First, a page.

Avediphone is the woodwind instrument created especially for the piece ‘Yenikapı’. It consists of three major parts. A mouthpiece, which is an alto saxophone mouthpiece, PVC pipes as the body of the instrument, and a resonator can.
There are two different types of PVC pipes with different diameters used in this instrument. One has a diameter of 1.75cm. and the other 1.5cm. So the reason behind that is the glissando sound that I was in search of. This glissando sound is established by interwoven pipes that I mentioned above. The narrower PVC pipe glides inside the big one. As the total length of the pipes grow we get a lower pitch created by the instrument.

If we start to analyze the instrument in a detailed way;
First we get an alto saxophone mouthpiece, which was one of the most compatible mouthpiece for a PVC pipe among all other instruments. After getting this clear, I started to visit the PVC pipe shops with my mouthpiece, to detect the most compatible diameter. During the production process, I had some difficulties because of the diameters that were available. The narrower PVC pipe was not quite in the measurements that I was looking for. So I tried to overcome this issue with the help of duct tape. The idea was simple but it worked perfectly. I strapped all the pipe with the help of a duct tape thus I got a pipe with a slightly bigger diameter which was perfect for me.

Creating an instrument, as I firmly realised during the production of avedimba as well, is an autoregressive process. Before the production, my main intention was to build avediphone as a uniaxial instrument as a flute. But over time I understood that, it was almost impossible to use the instrument (drag the smaller pipe within the bigger pipe) with human conditions. The interval that I was planning to get was a perfect fourth, and the pitches that I was planning to hear were bass notes as well (E2-F2-G2-A2). So I found the solution in the a use of a corner pipe. Thus it made the instrument playable in terms of human conditions. Once the mouthpiece and the corner pipe joined together, now I was ready to think about the main pipes which I was planning to create different pitches by using them. After the solution of duct tape, now it was possible to drag the smaller pipe within the big one without any air leakage. After this condition was provided, I tried to decide the length of the pipes without any previous knowledge about the open and closed pipe modes. Therefore an empirical process began. Following several experiments that I made, I was able to decide the proper length of the pipes. After the shaping of them, I drew lines to the inner PVC pipe which correspond to the notes (E2, F2, G2, A2) to show the player the exact pitch that ze is playing.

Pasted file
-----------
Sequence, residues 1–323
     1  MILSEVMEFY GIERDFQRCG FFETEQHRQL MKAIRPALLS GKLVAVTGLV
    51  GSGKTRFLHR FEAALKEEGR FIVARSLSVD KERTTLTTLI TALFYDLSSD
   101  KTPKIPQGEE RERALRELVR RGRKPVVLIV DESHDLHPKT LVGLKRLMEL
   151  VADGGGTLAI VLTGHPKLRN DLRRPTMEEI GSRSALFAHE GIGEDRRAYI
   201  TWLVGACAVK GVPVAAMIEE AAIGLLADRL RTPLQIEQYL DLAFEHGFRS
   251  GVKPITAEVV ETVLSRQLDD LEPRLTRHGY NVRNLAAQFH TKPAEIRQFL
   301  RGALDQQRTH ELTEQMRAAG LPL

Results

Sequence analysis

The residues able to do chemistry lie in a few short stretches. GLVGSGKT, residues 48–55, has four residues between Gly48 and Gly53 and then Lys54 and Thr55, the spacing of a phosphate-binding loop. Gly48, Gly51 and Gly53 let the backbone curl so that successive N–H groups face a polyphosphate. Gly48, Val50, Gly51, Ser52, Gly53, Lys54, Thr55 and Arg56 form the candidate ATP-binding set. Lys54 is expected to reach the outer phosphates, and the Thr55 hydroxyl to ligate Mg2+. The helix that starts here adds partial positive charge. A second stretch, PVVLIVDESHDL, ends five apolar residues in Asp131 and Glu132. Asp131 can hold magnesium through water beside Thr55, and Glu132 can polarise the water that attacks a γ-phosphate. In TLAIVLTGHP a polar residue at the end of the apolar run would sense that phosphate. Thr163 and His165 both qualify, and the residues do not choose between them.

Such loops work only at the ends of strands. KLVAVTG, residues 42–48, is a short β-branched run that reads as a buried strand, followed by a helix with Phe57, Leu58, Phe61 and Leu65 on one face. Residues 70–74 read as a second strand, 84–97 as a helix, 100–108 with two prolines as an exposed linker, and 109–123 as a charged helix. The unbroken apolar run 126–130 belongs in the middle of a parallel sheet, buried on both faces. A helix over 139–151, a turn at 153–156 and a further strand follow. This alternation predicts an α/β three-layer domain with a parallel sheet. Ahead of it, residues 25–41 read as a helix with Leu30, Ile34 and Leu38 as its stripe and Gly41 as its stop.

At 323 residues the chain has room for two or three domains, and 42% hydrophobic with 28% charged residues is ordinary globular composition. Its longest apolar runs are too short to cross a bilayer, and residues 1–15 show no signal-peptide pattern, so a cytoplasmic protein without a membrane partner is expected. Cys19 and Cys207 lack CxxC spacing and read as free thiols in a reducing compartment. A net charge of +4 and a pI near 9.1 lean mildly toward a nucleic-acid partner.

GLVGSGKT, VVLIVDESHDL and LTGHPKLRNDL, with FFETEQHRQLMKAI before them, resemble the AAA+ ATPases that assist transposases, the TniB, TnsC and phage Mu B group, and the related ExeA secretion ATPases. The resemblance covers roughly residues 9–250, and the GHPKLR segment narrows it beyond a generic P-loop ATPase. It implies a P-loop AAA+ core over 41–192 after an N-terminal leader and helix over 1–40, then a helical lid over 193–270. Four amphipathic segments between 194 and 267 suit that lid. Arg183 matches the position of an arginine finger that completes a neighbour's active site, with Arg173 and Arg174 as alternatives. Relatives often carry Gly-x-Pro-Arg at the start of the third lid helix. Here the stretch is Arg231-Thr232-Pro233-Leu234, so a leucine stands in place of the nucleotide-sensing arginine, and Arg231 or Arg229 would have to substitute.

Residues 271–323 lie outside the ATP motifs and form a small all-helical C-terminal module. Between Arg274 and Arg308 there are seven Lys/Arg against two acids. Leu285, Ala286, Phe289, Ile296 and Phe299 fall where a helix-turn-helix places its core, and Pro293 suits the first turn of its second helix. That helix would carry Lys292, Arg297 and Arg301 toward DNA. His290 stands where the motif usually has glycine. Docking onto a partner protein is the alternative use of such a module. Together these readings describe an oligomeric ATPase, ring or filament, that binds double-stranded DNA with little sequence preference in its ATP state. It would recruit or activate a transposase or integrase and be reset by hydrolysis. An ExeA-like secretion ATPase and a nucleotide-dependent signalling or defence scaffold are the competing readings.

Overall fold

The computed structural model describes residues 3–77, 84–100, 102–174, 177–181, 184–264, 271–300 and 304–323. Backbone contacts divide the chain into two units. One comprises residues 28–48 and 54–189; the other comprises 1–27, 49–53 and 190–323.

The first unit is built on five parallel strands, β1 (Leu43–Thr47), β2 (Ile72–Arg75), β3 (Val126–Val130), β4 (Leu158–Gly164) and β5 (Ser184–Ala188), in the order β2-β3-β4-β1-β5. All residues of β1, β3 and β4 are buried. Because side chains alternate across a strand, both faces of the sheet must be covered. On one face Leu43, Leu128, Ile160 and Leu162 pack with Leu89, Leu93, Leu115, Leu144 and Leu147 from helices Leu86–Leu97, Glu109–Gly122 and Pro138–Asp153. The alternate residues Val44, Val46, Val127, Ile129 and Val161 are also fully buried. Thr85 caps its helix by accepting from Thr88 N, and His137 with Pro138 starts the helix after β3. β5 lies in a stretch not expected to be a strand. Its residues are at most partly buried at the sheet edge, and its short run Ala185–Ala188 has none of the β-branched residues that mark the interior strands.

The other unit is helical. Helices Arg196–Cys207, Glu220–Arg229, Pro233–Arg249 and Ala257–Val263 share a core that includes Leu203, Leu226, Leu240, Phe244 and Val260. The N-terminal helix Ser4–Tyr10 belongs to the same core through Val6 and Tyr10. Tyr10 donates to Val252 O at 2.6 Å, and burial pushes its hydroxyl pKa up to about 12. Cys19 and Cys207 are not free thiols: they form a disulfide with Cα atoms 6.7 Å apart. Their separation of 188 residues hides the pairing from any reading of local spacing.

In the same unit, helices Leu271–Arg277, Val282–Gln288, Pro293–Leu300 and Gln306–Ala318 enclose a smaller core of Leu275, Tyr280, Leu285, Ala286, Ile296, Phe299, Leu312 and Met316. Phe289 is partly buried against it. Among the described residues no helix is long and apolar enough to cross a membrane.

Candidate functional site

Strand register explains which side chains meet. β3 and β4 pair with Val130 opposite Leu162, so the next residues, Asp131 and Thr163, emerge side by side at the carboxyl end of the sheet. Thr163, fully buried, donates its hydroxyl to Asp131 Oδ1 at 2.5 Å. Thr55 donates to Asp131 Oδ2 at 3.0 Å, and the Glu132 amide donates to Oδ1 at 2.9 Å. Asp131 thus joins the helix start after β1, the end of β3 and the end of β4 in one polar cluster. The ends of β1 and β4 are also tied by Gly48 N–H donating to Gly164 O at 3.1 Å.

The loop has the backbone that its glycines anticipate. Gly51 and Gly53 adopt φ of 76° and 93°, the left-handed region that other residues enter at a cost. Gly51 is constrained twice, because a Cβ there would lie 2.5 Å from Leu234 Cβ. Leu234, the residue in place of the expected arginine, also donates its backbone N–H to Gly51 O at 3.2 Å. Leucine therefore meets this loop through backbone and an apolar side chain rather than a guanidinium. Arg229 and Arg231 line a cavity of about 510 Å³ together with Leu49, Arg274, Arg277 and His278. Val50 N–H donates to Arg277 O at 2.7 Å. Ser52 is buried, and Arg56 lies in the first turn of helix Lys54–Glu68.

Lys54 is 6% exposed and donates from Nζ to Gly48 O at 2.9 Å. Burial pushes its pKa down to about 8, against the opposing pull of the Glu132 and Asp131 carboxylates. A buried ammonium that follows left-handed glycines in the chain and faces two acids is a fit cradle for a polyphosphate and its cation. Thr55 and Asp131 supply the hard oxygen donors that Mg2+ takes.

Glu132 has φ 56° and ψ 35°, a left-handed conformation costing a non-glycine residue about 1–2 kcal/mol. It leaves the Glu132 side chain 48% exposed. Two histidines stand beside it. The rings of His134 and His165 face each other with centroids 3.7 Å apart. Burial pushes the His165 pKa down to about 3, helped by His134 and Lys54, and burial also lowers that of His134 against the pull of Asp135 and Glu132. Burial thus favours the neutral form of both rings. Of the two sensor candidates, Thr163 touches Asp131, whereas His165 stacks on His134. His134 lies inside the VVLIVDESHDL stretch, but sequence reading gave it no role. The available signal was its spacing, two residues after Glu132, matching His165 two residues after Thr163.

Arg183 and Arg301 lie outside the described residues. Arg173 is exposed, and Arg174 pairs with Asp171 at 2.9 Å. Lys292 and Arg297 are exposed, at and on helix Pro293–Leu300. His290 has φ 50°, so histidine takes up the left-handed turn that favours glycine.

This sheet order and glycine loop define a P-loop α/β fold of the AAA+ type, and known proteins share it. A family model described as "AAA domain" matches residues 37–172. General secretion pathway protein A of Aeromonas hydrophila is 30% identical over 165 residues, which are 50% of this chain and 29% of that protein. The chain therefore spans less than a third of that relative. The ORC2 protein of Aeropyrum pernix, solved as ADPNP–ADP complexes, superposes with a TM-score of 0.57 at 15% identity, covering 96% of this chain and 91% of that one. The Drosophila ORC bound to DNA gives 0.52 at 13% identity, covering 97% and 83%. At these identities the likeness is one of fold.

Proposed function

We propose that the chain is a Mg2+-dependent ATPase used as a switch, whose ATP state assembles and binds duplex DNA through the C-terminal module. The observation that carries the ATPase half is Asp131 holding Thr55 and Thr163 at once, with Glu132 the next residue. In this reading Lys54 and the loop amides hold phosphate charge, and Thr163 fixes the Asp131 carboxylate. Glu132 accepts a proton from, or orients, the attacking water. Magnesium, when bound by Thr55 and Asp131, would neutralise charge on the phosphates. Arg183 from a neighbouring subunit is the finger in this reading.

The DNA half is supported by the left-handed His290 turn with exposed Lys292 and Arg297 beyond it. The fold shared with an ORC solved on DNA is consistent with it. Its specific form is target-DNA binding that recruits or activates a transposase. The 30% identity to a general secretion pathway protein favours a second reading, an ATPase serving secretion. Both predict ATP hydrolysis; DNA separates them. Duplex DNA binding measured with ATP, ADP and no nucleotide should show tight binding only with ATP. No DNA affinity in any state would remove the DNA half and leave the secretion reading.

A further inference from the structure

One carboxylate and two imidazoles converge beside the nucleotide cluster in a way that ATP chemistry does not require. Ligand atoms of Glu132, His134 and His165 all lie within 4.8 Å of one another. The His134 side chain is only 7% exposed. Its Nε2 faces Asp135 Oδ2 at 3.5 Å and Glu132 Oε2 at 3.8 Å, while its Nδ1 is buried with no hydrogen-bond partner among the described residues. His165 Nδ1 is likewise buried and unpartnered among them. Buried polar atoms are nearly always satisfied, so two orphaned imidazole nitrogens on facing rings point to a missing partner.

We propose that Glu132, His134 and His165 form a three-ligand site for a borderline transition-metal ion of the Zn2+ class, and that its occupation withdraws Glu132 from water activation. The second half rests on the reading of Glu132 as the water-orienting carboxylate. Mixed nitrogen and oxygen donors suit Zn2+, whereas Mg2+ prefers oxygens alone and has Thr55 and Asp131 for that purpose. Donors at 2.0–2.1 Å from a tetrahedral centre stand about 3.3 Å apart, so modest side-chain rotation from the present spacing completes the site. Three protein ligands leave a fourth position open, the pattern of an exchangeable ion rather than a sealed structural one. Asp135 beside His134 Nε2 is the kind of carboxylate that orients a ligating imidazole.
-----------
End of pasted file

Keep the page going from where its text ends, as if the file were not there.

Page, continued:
As a result, avediphone was able to produce a perfect fourth interval in second octave within a limitless pitch option. Glissandos and all Hz values in that region were able to be played now, but there was room for one last improvement.
To enhance the loudness of the instrument, I attached a resonator can (a coke can with an open end), which actually worked quite decently. But as a feedback of this improvement I also updated the lenghts of the pipes as well.

Figure 2.1: Detached and assembled avediphone.

Figure 2.2: Detached avediphone with the insider tube marked with pitch markings.